Addiction is treatable.
Recovery is possible.

Frequently Asked Questions

What to expect?

Initial Visit

New patients will meet with the provider for an initial evaluation and if appropriate will begin steps towards induction. During this meeting, the patient learns about treatment choices, expectations from treatment and agrees to a plan for counseling.

During the initial assessment process, the patient answers questions that will help the provider–led treatment team determine the best custom plan for the individual. All patient records are strictly confidential, therefore, it is highly recommended that the patient be completely honest so that the treatment plan is developed for long term success.

Introduction Phase

The first few weeks of treatment require regular patient monitoring to determine effectiveness of initial medication and to achieve a safe and adequate medication level that stabilizes the patient moving forward. In order to get the proper medication level to help subside symptoms of cravings and withdrawals, the patient needs to be in withdrawal at the time of the induction phase.

For this reason, it is recommended that the patient take the day off from work in order to go through the process for stabilization(recommended but not required). During the induction phase, it is important for the patient to frequently meet with their counselor to increase motivation and stay committed to treatment, understand the goals of treatment and establish immediate goals to create change while realizing gains through recovery.

Maintenance Phase

At the maintenance phase a steady state of medication is achieved and maintained with continuous feedback from the patient on withdrawal symptoms. With a safe optimal level of medication, the patient is able to remain physically comfortable without experiencing the euphoria or sedation associated with painkillers or heroin, thereby remaining engaged in the full recovery program.

Patients are encouraged to meet with their counselor to address current situations, heal past issues and establish goals for further improvement in all areas of their lives. The maintenance phase helps patients continue to make strong progress with work, relationships, and social obligations while maintaining a steady state of well-being.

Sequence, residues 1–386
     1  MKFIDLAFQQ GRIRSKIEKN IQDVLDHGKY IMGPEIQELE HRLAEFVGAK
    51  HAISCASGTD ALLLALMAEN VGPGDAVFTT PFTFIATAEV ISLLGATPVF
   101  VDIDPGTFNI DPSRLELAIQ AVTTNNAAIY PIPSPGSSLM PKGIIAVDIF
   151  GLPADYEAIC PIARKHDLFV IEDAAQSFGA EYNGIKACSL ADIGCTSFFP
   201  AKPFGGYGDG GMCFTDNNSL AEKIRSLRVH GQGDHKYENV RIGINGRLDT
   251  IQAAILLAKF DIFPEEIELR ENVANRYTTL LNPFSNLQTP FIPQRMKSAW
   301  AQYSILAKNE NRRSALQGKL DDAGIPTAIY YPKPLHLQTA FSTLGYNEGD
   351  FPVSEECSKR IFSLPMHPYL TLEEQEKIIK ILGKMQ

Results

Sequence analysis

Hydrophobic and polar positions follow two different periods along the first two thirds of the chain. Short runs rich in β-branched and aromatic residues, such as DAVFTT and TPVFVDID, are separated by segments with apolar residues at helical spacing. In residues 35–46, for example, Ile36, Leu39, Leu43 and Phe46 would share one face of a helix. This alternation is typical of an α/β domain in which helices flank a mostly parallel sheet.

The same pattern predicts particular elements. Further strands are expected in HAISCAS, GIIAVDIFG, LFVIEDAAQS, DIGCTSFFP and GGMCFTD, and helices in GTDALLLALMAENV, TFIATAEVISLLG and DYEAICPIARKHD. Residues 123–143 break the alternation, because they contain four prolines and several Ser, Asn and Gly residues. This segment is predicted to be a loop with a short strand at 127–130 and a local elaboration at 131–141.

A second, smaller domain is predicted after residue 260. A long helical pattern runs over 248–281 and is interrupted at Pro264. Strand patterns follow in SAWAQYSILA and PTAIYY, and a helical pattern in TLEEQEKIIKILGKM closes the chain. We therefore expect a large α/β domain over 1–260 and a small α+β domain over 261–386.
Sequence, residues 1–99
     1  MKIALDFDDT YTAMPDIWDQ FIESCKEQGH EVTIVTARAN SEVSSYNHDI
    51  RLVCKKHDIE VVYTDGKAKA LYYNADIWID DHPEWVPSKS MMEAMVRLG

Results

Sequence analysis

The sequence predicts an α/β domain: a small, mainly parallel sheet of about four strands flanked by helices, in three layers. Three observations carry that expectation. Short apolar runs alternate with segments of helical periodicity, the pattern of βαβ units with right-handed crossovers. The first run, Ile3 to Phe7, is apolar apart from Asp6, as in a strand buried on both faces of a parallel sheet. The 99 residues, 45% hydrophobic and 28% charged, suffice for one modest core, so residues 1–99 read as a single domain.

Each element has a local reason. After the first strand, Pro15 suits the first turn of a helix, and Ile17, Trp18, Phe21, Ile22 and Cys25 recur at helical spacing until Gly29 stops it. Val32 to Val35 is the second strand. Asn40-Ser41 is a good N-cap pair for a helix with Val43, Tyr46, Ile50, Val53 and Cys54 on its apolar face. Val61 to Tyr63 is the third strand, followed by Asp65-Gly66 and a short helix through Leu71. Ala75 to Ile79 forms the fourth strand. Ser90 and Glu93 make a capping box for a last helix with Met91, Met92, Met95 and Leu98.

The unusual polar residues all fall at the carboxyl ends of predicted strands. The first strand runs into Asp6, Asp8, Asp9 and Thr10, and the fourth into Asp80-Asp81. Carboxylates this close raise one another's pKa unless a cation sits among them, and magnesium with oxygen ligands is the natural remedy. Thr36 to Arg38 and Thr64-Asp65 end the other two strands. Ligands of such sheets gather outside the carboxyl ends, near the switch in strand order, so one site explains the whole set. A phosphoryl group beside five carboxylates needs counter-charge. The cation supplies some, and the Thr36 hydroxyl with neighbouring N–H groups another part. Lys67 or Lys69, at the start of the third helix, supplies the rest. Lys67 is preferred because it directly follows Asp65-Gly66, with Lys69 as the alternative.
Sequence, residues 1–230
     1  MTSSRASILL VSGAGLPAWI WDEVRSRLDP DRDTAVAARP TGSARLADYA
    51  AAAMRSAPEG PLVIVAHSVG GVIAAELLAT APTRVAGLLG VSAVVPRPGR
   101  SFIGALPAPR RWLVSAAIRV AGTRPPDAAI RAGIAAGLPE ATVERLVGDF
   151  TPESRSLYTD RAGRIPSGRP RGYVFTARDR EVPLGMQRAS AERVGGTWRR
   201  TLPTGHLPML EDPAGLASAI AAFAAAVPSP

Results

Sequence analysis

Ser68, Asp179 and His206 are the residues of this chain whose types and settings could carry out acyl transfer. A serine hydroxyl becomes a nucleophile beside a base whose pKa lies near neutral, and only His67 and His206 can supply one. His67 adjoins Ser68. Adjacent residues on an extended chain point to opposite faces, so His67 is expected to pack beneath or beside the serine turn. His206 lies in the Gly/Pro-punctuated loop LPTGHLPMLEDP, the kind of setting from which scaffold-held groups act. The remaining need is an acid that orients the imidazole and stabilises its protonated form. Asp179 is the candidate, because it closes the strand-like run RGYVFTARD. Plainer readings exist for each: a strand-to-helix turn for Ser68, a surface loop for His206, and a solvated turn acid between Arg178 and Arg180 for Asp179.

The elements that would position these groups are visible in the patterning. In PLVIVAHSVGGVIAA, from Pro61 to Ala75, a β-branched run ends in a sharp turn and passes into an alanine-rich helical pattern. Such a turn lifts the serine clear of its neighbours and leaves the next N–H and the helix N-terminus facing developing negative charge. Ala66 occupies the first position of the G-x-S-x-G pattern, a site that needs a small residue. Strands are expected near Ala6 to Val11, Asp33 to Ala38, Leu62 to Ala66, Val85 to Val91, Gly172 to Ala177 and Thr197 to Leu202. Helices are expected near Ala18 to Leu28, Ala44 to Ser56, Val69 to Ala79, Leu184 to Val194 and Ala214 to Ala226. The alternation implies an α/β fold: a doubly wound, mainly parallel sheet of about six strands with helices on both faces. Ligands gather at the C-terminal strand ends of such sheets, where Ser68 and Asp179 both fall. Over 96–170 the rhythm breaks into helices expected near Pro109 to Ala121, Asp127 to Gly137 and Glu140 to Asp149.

What is Buprenorphine or Suboxone?
Buprenorphine (also known as Suboxone, Bunavail, Zubsolv) is a very effective medication that combats cravings for opiates (heroin, pain pills such as oxycodone/percocet) and stops withdrawal symptoms (sweating, shaking, abdominal pain, diarrhea). It works by fooling your body into thinking that it has opiates in the system. You can function normally without urges or getting sick . Buprenorphine and its formations dramatically reduce the chances of relapsing back to old habits.

Suboxone, which is, Buprenorphine/Nalaxone has a blocker against other opioids. This means that if you have buprenorphine in your system you will not get high off of pain pills or heroin. This helps put an end to the relapse cycle.

Is it Safe?

This medication has a very safe drug profile. Some of the common side effects of medication may include headache, mild dizziness, numbness, tingling, drowsiness, sleep problems (insomnia),constipation or trouble concentrating.

What Does it Cost?

Initial consultation visit is $350. This includes initial visit, urine drug screening tests, and titration prescriptions to achieve a stable dose. All patients will have to pay out of pocket for the Suboxone treatment unless we are billing your insurance. If you would like to use your insurance then it will be your responsibility to make sure you are covered. In some cases we will need to have prior authorization from either your insurance or your primary care provider before we can start your treatment.

There is no guarantee that you will be considered appropriate fit for office based outpatient opioid therapy.

First visit is $350.

Subsequent visits are $160.

Urine drug screens outside of regular scheduled office visits are $50.

How often do I need to take the medication?
The medication is usually dosed once or twice daily. Unlike a methadone program where you have to have daily visits to the clinic for monitored administration of medication, Buprenorphine (Suboxone and generic Suboxone – like medications) can be safely prescribed in weekly, biweekly or monthly time periods, and be taken at home safely and comfortably. The frequency will be determined once you meet with your provider.
How long do I have to take this medication?

The ultimate goal of buprenorphine is to give you freedom from addiction so you can live the life you want without being a slave to cravings. Medication is one part of treatment, and a very effective one. While you work on stabilizing, which takes 6 months to 1 year, we also encourage therapy and counseling to get you to a stable state. When you are ready we advise slowly tapering down the medication with supervision of your provider until you are either at a very low dose or off the medication completely.

How do I get started with treatment?
Our team will guide you at every step in your path to recovery. Once you have met with your provider, he or she, will determine what medication is best for you, along with dosage and frequency. If appropriate you will be seen for a follow up to begin treatment. Depending on your progress your provider may decide to see you every 2 to 4 weeks.